Retro-Styled GTA Radio Powered by Raspberry Pi

A video gaming behemoth that has relied on controversy since its early days, the Grand Theft Auto series nevertheless has more to it than ‘steal cars and shoot’. No one who has played the game (certainly not since 2002’s Vice City) has come away without a sharp sense of having exited a compelling, immersive world. A key part of this immersion is the music, and the radio stations that play as you drive, linked together by spoof DJs.

Basically, the music is as much a part of the game as the violence and is by far the safest aspect of GTA to enjoy in the real world. Better still, when you hear the music in real life, it’s instantly evocative of whichever GTA game you were playing...

Which might explain why maker Raphaël Yancey built a Raspberry Pi-powered Grand Theft Auto radio, loaded with MP3s from 2004’s Grand Theft Auto: San Andreas game. With the inside of a 1970s Optalix TO100 portable radio removed, Yancey installed a Raspberry Pi 3, along with two pots for controlling volume and ‘frequency’ (in reality, switching between MP3 tracks). LEDs also light up when a “signal” is found.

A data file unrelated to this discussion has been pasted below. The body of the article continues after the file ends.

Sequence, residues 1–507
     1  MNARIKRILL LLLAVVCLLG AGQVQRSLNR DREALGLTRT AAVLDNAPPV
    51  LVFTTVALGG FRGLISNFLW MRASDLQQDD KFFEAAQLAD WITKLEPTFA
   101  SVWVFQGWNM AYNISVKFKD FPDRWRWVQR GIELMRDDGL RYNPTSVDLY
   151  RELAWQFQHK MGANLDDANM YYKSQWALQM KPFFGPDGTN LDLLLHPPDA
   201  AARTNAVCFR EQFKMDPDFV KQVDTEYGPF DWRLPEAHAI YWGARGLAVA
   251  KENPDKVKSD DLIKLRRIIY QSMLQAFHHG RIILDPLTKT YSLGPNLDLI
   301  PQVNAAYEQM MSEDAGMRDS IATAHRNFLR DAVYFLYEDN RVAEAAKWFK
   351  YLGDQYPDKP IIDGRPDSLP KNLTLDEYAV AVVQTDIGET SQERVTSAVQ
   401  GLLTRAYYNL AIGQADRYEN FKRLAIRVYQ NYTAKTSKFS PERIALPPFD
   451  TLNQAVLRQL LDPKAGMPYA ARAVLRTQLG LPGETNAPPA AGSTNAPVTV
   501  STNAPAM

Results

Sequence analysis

The real magic here is that the ‘stations’ of music are constantly playing as long as the device is powered up, enabling easy, realistic switching. This is thanks to code called Virtual FM Band. Says Yancey “The software I wrote can handle as many stations as the hardware can! Also, the stations all play simultaneously, not only when you tune in, for that real, sweet radio vibe.”

Fancy building your own version? Yancey has made the code for Virtual FM Band available on GitHub, where you will also find a useful diagram to explain how the music is handled. As the notes explain “Technically, it's a mixer with multiple tracks that takes care of the volume of each track (fade in / fade out) while moving along the virtual frequency.”

Raspberry Pi radio projects are pretty common, but this certainly ranks among the best we’ve seen. Best of all, you’re not limited to the same collection of tracks; you can copy any MP3 files to your Raspberry Pi radio, and switch between them like it’s a real radio!

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